Bragi inn gamli Boddason (Bragi)
9th century; volume 3; ed. Margaret Clunies Ross;
1. Ragnarsdrápa (Rdr) - 12
2. Þórr’s fishing (Þórr) - 6
3. Fragments (Frag) - 6
4. An exchange of verses between Bragi and a troll-woman (Troll) - 1
IV. Lausavísur (Lv) - 2
It is not possible to be precise about either the dates of Bragi Boddason’s (Bragi) floruit or about the details of his life. Some of the latter are almost certainly legendary (e.g. the narratives associated with Bragi Lv 1abIV, VIII and Bragi Troll), while his sobriquet inn gamli ‘the Old’ places him almost in prehistory, seen from an Icelandic viewpoint. Landnámabók (Ldn, ÍF 1, 82) mentions him as being associated by marriage with the family of Arinbjǫrn hersir from Firðir (Fjordane) in Western Norway, and Egils saga (Eg, ÍF 2, 182) places him in the same context. Ldn tells that Bragi’s wife was Lopthœna, daughter of another poet, Erpr lútandi ‘the Stooping’. Bragi seems to have been active as a poet in Norway one or two generations before the settlement of Iceland, hence c. 850-70. In Skáldatal’s list of poets (SnE 1848-87, III, 251, 259, 270), Bragi is the first named skald whose works have survived, at least in part. There he is associated with three patrons: Bjǫrn at Haugi, probably a Norwegian ruler, though some sources consider him Swedish (see Jón Jóhannesson 1940), Eysteinn beli and Ragnarr loðbrók ‘Shaggy-breeches’, there said to be a Danish king who himself composed poetry. Snorri Sturluson (SnE 1998, I, 72-3) associates Bragi’s poem Ragnarsdrápa (Rdr) with Ragnarr loðbrók, and he may be one and the same as the Ragnarr mentioned in Rdr’s refrain and ‘the son of Sigurðr’ referred to in Rdr 2/4. If Bragi’s patron Ragnarr is to be identified with the Viking leader who led an attack on Paris in 845, supposedly died in a snake-pit at the hands of King Ælla of Northumbria, and was the father of the Ingware and Ubba that the F version of the Anglo-Saxon Chronicle claims led raids on England in the 860s and 70s (de Vries 1928a; McTurk 1991a), then their association is just possible chronologically and geographically, as Ragnarr’s connections within Scandinavia were with Norway as well as with Denmark (Smyth 1977, 17-20).
Alongside information about Bragi the poet, Icelandic traditions also mention a god or supernatural being of this name (Grí 44/7, Lok, Sigrdr 16/2, SnE 2005, 25). In the frame narrative of Skm, Snorri Sturluson represents Bragi as the god who informs a curious sea-giant Ægir about the nature of skaldic diction. The connection between Bragi the poet and Bragi the god is uncertain, but it seems likely that Bragi Boddason’s iconic status as the first skald whose poetry survived into historical times contributed to the formation of the concept of a deity closely associated with the practice of skaldic verse in a courtly context (cf. Anon EirmI, Eyv HákI). Some scholars have linked Bragi and the origin of dróttkvætt with the influence of Irish poetry and culture, but their arguments are inconclusive (cf. Turville-Petre 1971; Kuhn 1983, 272-5; Sayers 1992).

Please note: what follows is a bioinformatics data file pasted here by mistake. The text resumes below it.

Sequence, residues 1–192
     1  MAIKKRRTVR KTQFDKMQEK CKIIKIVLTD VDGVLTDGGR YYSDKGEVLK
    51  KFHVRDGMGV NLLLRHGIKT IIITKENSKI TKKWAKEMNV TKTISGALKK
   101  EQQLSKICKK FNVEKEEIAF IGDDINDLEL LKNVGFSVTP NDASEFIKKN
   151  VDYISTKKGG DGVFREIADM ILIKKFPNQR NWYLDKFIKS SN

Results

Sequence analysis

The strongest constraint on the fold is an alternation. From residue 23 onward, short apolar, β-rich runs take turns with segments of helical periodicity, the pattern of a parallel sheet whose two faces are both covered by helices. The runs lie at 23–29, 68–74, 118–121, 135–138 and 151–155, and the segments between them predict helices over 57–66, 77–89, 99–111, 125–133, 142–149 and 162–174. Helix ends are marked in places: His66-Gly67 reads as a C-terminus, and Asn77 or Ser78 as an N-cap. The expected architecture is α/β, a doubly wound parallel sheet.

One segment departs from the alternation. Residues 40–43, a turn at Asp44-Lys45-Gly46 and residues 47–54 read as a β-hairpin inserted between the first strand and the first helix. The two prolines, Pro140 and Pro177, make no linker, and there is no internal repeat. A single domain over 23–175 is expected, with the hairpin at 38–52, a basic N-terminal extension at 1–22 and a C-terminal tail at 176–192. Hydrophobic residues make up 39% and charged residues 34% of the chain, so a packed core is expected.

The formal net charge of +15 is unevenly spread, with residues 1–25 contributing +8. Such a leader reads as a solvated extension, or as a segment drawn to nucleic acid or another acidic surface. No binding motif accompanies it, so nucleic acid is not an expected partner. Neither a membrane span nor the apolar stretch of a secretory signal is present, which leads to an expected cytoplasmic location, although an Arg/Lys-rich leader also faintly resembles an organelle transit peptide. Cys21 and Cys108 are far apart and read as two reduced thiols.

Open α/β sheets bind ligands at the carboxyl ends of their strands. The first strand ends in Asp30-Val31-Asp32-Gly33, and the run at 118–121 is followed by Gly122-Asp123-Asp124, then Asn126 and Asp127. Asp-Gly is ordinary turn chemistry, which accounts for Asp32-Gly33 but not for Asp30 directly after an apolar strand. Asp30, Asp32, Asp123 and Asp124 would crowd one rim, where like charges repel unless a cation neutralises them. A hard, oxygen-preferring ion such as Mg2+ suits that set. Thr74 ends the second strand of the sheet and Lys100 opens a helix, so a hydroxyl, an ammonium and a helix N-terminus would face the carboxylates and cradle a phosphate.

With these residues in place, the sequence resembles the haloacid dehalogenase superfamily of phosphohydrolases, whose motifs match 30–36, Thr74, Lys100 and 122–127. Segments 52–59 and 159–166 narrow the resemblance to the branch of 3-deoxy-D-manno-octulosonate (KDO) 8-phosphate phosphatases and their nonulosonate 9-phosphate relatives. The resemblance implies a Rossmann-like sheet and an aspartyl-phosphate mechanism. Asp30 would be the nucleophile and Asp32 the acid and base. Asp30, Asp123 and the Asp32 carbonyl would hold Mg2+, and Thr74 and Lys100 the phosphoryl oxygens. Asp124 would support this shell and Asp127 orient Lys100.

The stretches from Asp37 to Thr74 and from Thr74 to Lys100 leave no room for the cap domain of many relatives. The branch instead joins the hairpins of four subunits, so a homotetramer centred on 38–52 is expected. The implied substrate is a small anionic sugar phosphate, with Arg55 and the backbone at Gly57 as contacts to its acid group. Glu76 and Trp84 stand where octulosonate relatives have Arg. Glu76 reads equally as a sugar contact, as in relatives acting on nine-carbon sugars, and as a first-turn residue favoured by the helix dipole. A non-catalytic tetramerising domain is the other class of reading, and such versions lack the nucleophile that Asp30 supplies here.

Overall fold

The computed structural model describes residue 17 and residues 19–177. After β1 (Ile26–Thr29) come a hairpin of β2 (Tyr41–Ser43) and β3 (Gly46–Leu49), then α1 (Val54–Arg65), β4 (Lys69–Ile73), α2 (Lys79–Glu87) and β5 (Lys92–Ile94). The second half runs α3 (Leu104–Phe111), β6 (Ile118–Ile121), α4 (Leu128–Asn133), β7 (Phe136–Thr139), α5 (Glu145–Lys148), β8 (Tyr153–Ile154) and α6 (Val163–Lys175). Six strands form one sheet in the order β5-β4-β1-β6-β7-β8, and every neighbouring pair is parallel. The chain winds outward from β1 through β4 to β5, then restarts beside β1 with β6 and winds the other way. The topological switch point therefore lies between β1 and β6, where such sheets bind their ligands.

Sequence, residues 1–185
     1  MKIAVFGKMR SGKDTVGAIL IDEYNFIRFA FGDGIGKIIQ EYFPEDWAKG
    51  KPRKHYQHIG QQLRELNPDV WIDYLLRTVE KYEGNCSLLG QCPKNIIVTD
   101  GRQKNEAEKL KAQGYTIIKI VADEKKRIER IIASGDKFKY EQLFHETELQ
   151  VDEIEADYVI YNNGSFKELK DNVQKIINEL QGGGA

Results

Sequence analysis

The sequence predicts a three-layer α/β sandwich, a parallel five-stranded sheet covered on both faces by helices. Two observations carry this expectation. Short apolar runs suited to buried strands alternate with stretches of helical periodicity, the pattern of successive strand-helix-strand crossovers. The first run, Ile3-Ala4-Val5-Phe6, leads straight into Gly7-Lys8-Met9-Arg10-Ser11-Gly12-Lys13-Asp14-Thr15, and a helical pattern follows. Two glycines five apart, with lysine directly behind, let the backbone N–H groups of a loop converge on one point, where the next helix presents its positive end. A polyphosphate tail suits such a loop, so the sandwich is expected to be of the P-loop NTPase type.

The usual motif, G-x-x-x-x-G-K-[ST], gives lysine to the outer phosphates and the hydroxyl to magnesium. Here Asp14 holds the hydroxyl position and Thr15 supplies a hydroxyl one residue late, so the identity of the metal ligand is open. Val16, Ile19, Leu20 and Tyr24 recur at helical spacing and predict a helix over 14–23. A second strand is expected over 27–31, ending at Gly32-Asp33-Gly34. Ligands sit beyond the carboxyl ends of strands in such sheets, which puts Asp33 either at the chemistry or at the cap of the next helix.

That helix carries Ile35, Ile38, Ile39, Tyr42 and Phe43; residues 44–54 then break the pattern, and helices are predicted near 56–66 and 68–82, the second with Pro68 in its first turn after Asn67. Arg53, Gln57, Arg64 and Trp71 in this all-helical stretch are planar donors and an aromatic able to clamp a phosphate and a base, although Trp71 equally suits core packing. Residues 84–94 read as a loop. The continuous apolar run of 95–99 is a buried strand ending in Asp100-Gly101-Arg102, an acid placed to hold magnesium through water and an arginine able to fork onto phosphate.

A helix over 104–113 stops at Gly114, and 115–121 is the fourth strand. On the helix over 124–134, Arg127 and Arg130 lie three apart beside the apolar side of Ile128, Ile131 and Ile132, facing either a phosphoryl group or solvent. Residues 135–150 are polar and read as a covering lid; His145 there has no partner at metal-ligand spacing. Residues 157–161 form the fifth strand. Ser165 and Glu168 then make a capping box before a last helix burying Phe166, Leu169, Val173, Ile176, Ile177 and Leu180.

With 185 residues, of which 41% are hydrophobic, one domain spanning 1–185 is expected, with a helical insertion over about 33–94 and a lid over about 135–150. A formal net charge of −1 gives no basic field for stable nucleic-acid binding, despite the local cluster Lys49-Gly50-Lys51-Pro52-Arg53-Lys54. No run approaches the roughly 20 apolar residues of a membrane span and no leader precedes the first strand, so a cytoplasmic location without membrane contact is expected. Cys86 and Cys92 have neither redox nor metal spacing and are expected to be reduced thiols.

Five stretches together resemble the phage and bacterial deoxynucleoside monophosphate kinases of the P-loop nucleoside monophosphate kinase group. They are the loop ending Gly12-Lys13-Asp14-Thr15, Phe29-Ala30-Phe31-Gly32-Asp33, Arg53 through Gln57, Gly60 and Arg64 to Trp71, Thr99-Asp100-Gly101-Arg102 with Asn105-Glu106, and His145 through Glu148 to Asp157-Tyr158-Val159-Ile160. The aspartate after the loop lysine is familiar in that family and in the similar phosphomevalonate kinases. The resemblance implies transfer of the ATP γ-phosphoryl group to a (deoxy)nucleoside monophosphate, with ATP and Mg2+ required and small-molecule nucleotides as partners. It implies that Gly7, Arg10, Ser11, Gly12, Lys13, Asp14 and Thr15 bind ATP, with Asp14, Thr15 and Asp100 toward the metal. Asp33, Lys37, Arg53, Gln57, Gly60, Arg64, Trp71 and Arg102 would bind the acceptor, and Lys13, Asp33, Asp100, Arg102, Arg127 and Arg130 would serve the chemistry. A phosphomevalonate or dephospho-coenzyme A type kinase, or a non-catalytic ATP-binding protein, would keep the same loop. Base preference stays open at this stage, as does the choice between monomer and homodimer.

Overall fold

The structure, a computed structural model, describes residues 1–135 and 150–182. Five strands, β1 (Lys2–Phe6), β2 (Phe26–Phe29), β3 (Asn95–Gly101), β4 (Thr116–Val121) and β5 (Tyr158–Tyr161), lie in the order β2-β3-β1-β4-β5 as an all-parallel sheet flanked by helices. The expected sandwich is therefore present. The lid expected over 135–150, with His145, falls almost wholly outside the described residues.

Ragnarsdrápa (‘Drápa about Ragnarr’)
Margaret Clunies Ross 2017, ‘(Introduction to) Bragi inn gamli Boddason, Ragnarsdrápa’ in Kari Ellen Gade and Edith Marold (eds), Poetry from Treatises on Poetics. Skaldic Poetry of the Scandinavian Middle Ages 3. Turnhout: Brepols, p. 27.
Skj: Bragi enn gamli: 1. Ragnarsdrápa (AI, 1-4, BI, 1-4); stanzas (if different): 13 |
SkP info: III, 39
8 — Bragi Rdr 8III
Cite as: Margaret Clunies Ross (ed.) 2017, ‘Bragi inn gamli Boddason, Ragnarsdrápa 8’ in Kari Ellen Gade and Edith Marold (eds), Poetry from Treatises on Poetics. Skaldic Poetry of the Scandinavian Middle Ages 3. Turnhout: Brepols, p. 39.
context: Rdr 8-12 are cited in Skm as a continuous sequence to illustrate why battle can be called Hjaðninga veðr eða él ‘weather or storm of the Hjaðningar’ and weapons Hjaðninga eldar eða vendir ‘fires or wands of the Hjaðningar’ (SnE 1998, I, 72-3). Before quoting Bragi’s stanzas, Snorri gives a prose account of the legend of the Hjaðningar, the followers of a king named Heðinn Hjarrandason, who abducted Hildr, daughter of King Hǫgni, when the latter was away from home. When he learnt of his loss, Hǫgni set off with his men in pursuit of Heðinn and Hildr, and found them on the island of Hoy (ON Háey) in the Orkneys. Hildr went to see her father and, in apparent atonement on Heðinn’s behalf, offered him a neck-ring (men), but also indicated that Heðinn was ready to fight. In effect, she was more enthusiastic about her father and abductor fighting than they were, and the conflict escalated to a day-long battle. At night Hildr revived all the dead by magic and the battle continued in this way day after day up to Ragnarǫk. Stanza 8 is preceded by the statement Eptir þessi sǫgu orti Bragi skáld í Ragnars drápu loðbrókar ‘Bragi the poet composed [stanzas] in the drápa of Ragnarr loðbrók based on this story’.
notes: There are many variant versions of the legend of Hildr and the Hjaðningar in Old Norse, Old English and Middle High German, as well as in Saxo’s Gesta Danorum (Saxo 2005, I, 5, 8, 3 and 9, 1, pp. 338, 340-2). For a summary, see Clunies Ross (1973a, 110-31) and Marold (1990b). Bragi’s stanzas concentrate on the events leading up to the battle between Hǫgni and Heðinn and are focalised through his depiction of Hildr who acts, not to reconcile her father and lover, but to whet them and their men to bloody conflict. Her name (as a common noun) means ‘battle’ and she seems to embody a sexualised motivational force that leads men to fight one another, perhaps the same force that is also expressed through the conventional figure of the valkyrie.
texts: ‹Skm 252›,
editions: Skj Bragi enn gamli: 1. Ragnarsdrápa 8 (AI, 2; BI, 2); Skald I, 1-2, NN §§1505, 2205B-D; SnE 1848-87, I, 436-7, III, 84, SnE 1931, 155, SnE 1998, I, 72-3.